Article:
We also take pride in how the files look to people. Designers craft elaborate displays that sort and represent different pieces of information to a person. For example, some of these displays, henceforth to be referred to as websites, can be used for vastly different purposes. One website might be used for checking up on friends around the world, whereas others might be used for shopping or reading the news.

Usually looked at on a thing like this while you’re on the go.

Different data needs to be displayed differently, and so any device that accesses a site normally renders a specifically-designed look and feel to accommodate it. Better yet, the look and feel of many websites now adjust to comfortably fit on the screen of a wide range of devices; that way a person can comfortably read whatever it is they want to read without trouble.

The Real Benefits

I want you to think about the last time you had to write a comprehensive essay for school. Think of all the research you had to do, pouring over obscure titles for hours and hours. You probably had to reference several other books from one another just to find the answers you were looking for. After all that pain of searching, studying,and verifying notes to see that your sources were legitimate, you could begin writing your paper.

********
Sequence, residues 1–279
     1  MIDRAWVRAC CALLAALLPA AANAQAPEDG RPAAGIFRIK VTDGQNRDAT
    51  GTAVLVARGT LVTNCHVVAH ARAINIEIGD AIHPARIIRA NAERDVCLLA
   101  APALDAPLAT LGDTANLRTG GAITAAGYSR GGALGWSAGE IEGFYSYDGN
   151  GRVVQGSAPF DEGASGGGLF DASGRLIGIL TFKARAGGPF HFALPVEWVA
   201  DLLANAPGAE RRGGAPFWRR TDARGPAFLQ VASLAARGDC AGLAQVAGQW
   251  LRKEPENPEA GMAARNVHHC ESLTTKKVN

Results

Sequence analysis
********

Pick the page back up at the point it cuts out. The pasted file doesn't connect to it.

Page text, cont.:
Library at Penn State University, 1950’s

In the future, answers can be found nearly instantly. Gone is the image and experience of having to dig through a library’s card index or filing cabinet, gone is the need to remember a Dewey decimal system, gone is the need to even bother remembering every detail. In 2013, a person can easily sum up inquiries any subject based on a quick search and skimming a brief overview in a particularly popular internet encyclopedia.

Forever gone is the experience to have to really work to find good sources of information. Gone is the experience of having to wait for a letter in the mail from someone. Gone too, are arguments at a bar about obscure lesser-known facts. Everything is instant now. The results for any search are clean, organized, and easy to navigate.

Another interesting perspective of the web is its literal ability to connect people. Many online communities full of people with related interests exist now that wouldn’t have ever happened without the web. Activists are able to come together to enact attempts at social change, and now, it’s easier than ever for a group of people to strongly come together around an idea they believe in. Everything from music to games to technology can come together by volunteers working in their spare time.

The web is increasingly becoming a social experience in and of itself. You can be a creator of your own information, and you can also be a participant in how people respond to your own ideas and opinions.

Sadly, there’s a catch.

The Downsides